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jpeg compression

Discussion in 'Electronic Design' started by Joe G \(Home\), Aug 3, 2005.

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  1. Hi All,

    I want to take a simple JPEG file on a PC and compress it say in to 320x240
    B&W file.

    What steps do I need to take?

    Where can I get the JPEG std file format?

    What challengers do you think I need to meet?

  2. Ban

    Ban Guest

    You can do that with paint, with the shrink/stretch function, but you have
    to calculate the percentage. Also the B/W conversion is faulty in paint.
    I use the free screen capture program 20/20
    for this kind of stuff. It also converts .bmp to .gif, extremly useful for
    circuit diagrams.
  3. JeffM

    JeffM Guest

    I want to take a simple JPEG file on a PC and compress it
    The Swiss Army Knife of graphics programs for Windoze
    is a freeware app called IrfanView.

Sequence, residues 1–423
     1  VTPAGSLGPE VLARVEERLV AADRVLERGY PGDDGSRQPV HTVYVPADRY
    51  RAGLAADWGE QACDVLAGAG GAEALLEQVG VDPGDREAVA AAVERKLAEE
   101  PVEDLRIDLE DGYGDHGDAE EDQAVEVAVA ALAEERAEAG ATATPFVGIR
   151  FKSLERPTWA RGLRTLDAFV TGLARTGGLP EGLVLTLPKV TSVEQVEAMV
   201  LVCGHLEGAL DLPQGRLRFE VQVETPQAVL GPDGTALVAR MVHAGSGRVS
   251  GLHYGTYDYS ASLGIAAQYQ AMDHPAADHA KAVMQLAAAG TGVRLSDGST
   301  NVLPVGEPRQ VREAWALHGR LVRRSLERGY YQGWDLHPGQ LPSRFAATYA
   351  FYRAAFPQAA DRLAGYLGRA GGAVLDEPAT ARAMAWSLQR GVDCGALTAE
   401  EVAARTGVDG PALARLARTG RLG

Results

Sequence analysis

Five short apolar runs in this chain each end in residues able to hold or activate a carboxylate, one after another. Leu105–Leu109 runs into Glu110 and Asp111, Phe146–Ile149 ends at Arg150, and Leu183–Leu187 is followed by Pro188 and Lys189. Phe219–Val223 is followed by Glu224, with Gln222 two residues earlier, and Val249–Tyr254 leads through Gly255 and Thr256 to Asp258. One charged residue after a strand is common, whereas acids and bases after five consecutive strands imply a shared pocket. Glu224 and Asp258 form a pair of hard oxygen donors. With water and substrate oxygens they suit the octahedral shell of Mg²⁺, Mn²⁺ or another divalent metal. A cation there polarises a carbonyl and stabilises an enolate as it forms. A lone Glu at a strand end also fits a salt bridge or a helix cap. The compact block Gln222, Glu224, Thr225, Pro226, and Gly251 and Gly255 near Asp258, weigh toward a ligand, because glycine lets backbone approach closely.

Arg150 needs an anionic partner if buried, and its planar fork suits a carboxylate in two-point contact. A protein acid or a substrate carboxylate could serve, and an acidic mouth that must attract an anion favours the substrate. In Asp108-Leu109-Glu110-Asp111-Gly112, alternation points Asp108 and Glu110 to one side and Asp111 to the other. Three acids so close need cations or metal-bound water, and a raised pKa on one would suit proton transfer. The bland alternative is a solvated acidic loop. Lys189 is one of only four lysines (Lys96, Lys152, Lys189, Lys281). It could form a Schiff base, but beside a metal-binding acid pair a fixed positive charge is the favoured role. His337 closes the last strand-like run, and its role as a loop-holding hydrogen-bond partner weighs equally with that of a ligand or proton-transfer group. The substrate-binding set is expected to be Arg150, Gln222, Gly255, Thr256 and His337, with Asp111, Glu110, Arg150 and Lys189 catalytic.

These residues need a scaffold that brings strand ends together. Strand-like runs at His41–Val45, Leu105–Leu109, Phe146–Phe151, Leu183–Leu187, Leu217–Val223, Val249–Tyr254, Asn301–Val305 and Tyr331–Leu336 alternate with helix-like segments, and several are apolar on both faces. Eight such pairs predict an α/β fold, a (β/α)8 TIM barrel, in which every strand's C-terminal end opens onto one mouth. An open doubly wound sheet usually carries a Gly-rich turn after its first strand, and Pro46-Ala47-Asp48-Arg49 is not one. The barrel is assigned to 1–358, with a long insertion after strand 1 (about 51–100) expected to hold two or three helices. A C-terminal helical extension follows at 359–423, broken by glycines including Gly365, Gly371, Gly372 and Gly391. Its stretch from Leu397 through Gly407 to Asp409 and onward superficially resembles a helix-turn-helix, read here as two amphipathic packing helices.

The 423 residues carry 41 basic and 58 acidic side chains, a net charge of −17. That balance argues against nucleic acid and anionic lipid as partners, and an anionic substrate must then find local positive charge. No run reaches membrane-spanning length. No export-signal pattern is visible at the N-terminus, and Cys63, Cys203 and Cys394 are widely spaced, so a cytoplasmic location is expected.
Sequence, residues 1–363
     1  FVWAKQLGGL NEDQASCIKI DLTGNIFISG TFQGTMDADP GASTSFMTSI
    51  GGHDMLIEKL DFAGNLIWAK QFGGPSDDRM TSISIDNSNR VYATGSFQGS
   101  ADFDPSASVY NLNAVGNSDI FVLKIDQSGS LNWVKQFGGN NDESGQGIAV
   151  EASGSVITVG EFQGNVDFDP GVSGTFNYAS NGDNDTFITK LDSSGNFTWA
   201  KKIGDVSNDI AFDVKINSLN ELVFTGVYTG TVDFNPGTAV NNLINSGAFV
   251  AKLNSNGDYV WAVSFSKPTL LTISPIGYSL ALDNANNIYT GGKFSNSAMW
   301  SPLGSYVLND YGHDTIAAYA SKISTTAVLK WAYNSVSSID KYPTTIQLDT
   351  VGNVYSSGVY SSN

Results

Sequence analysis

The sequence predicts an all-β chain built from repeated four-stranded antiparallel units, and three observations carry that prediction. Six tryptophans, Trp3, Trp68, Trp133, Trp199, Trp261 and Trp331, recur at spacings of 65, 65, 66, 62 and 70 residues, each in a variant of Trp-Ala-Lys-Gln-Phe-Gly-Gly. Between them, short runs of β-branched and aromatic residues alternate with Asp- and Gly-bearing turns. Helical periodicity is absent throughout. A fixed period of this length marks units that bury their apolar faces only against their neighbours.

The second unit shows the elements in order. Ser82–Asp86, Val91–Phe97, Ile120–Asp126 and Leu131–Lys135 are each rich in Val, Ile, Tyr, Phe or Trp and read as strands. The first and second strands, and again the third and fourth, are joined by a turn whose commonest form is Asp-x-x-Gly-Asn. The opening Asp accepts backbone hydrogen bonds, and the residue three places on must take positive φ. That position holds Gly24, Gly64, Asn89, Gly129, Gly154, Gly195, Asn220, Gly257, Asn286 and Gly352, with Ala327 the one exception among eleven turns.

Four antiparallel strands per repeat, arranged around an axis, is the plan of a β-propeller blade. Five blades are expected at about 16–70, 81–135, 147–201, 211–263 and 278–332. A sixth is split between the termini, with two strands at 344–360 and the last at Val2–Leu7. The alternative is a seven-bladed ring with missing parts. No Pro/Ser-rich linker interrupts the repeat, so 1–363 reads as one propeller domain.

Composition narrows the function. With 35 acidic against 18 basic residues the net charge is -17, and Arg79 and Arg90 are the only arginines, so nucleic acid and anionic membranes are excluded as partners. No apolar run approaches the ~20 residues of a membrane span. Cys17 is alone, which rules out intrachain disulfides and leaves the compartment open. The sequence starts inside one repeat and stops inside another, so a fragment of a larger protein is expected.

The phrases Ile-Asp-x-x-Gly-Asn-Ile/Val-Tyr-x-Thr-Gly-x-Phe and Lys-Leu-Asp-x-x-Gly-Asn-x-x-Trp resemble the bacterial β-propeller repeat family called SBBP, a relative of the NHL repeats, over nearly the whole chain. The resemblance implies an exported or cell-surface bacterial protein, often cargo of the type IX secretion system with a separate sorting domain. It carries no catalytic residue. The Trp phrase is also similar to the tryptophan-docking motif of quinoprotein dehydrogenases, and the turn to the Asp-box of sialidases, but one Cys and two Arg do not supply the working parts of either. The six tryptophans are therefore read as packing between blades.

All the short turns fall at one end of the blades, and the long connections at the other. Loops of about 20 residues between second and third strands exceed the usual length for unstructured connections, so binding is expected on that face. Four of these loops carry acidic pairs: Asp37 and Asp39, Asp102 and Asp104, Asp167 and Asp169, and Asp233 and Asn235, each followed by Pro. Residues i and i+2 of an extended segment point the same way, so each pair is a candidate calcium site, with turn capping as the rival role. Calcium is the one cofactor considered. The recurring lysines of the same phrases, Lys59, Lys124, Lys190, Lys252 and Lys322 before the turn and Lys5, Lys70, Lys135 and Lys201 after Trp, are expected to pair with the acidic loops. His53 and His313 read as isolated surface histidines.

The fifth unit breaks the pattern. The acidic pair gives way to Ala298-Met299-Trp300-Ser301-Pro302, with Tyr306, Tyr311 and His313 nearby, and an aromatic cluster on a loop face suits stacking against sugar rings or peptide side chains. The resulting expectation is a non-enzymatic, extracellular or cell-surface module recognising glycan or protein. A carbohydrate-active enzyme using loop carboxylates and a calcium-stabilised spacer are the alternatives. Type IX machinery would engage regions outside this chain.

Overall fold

Image; Convert to greyscale
    Image; Resize
    File; Save as
  4. René

    René Guest

    Same here, I have Photoshop, but use Irfanview 95% of the time for
    light conversion work (also batch conversion!)
  5. qrk

    qrk Guest

    Or, you can use a subset of XNVIEW which is NCONVERT on the same site.
    Nconvert is a command line converter, perfect for batch jobs/scripts
    and calling from other programs. Cost: free. Works on most common
    operating systems.

    Since nconvert is hard to figure out, here is a starter for you:
    nconvert -grey 256 -resize 320 240 -out jpeg -o OutName.jpg InName.jpg

    You many want to set the compression level (-q) as the default is best

  6. YD

    YD Guest

    The GIMP. Really good but hell on wheels to get to grips with at
    first. It's cheap too, like in freeware.

    While you're there have a gander at the docs and tuts, you'll need

    - YD.
  7. Buddy Smith

    Buddy Smith Guest

    If you want to do it yourself out of curiosity, I'd start by looking at
    jpeg-6b from IJG.

    You can get it here:

    It compiles in windows and unix/linux/etc.
    If you want to implement it yourself, it's quite complex. I'd start with
    reading the docs and looking around jpeg-6b. btw, most JPEGs you get
    are in "JFIF" format.

  8. Norm Dresner

    Norm Dresner Guest

    If you have a not-too recent copy of Microsoft Office (up to Office XP but
    not 2003), there's a program called Microsoft Photo Editor that comes with
    it that does a dandy job of resizing image (including JPG) files, among
    other things.

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